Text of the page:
The role of the museum in contemporary society is often difficult to explain. While some argue that museum serves an obvious educative function and that thinking regarding their role does not need to stretch past this, others argue that the museum should also be seen to represent dominant ideologies and social trends. They state that while the museum appears to present objective truth, this truth is always mediated by the structures within which it appears. As such, the role of the museum cannot be purely educative. Any educative content is necessarily bound up in the process by which a society uses a museum to “define itself and present itself publicly” (Dubin, Displays of Power,3). This paper will argue that museum do serve an educative function within society, despite their ideological content. This function can be split into three main aspects. The first of these is education about the facts of history, the second is education regarding moral and ethical behaviours and the final point is education regarding the progression of history itself.

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In her work, Jill Stevenson argues that the most important aspect of the museum is that it provides the chance for people to be educated about the facts of history. These facts are inherently ambiguous and can be controlled and misinterpreted by curators. When visiting a museum, people are able to understand the fact that certain things happened and the objects produced during a certain time are presented in their objective truth. This objectivity however, is questionable. For example, when taking of the Creation museum, Stevenson notes that what is fascinating is “the ways in which familiar museum genre is used to communicate that message” (Stevenson, Embodying Sacred History, 94). Likewise, on a less controversial note, Rebecca Mead notes that the MMA in New York frequently changes its collection and often keeps items in the basement, creating a necessarily biased and limited view of any era it displays (Rebecca, Den of Antiquity, 2007). However, it is nonetheless the case that people can learn actual, real facts when they visit a museum. By looking at pottery, for example, people can learn what it looked like, its dimensions and other things about it. Facts of history are of course placed within a social context, but it is also possible to learn real facts and the truth of this is an irreducible aspect of the museum’s educative function.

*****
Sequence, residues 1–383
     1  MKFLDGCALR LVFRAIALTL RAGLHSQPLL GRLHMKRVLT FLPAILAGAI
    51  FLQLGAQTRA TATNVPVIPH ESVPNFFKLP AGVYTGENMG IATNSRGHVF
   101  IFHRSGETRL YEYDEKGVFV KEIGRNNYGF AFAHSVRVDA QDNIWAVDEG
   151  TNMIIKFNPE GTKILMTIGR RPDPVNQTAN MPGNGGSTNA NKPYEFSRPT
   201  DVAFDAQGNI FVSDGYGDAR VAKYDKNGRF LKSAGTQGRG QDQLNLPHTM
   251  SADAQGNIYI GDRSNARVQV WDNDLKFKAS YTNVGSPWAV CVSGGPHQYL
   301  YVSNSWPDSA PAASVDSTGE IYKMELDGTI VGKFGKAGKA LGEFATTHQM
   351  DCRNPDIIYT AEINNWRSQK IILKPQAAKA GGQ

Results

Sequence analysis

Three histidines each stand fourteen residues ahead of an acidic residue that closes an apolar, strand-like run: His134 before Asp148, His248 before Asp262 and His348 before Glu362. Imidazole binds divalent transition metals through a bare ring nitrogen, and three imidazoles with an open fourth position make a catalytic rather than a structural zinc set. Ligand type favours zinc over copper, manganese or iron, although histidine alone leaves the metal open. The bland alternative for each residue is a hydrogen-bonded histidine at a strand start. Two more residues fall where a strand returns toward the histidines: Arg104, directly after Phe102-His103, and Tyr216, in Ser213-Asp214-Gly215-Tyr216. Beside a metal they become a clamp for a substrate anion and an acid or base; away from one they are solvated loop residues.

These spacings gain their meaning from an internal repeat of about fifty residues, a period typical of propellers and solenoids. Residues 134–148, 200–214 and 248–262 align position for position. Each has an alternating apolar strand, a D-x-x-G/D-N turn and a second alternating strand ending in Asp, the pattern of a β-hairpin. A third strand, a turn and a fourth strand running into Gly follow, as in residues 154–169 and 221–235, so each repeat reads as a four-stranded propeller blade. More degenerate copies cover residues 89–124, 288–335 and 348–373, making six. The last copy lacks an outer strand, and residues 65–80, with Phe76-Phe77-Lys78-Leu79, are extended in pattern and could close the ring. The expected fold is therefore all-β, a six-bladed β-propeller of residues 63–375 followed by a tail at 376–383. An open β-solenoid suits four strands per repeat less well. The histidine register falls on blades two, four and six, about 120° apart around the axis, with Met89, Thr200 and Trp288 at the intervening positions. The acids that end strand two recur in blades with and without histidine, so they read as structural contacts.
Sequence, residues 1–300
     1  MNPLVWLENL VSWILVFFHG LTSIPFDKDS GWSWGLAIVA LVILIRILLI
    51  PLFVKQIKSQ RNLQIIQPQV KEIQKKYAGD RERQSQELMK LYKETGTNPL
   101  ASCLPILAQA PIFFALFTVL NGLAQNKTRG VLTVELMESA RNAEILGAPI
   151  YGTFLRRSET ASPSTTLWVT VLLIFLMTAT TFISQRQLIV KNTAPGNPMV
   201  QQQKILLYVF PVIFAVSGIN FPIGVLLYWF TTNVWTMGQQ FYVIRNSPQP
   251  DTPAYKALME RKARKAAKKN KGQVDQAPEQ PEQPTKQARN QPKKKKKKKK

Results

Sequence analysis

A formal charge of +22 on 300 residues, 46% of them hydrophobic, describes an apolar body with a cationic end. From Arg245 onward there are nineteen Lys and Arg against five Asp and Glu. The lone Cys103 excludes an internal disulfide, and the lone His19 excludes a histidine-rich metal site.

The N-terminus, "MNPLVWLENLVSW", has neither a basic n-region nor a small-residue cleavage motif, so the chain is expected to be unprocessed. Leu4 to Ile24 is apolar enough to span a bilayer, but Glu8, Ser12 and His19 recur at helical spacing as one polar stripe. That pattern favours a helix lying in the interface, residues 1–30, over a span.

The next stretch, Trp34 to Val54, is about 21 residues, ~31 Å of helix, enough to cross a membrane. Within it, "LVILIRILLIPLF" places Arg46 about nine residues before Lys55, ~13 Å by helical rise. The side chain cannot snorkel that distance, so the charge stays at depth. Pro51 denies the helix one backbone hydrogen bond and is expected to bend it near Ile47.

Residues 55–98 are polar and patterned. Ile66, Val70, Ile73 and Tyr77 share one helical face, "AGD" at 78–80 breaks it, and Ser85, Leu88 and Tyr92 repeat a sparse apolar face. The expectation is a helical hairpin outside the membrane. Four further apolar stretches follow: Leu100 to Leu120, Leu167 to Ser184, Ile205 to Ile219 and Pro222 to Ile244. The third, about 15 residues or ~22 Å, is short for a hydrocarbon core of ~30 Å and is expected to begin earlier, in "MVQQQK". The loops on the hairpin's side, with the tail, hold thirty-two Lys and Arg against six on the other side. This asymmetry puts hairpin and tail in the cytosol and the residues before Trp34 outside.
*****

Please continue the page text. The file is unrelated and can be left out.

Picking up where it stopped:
According to Dubin (3), people learn by going through their history and activities that occupied earlier generations. For instance, legislators and judges often rely on rulings made in the past. Due to their significance in terms of cultural wealth, museums remain highly contested battle fields. “Museums, whether they feature art, history, or something else, have become a principle target.” (Dubin, Displays of Power, 8). Therefore, museums educate the public on issues that affect the society.

Secondly, museums enable one to access moral lessons and ethical truths. For example, if one sees an exhibition devoted to ancient civilisations then it is possible to learn about ideas of moral progress. It is possible to see how certain civilisations may have decayed as a result of moral degradation, as well as a learning individual real life stories that may serve to display a moral lesson. Again, however, it is not possible to understand these moral lessons within a neutral context. They often represent to dominant discourses of ruling ideologies and there is often much that they leave out of their representations.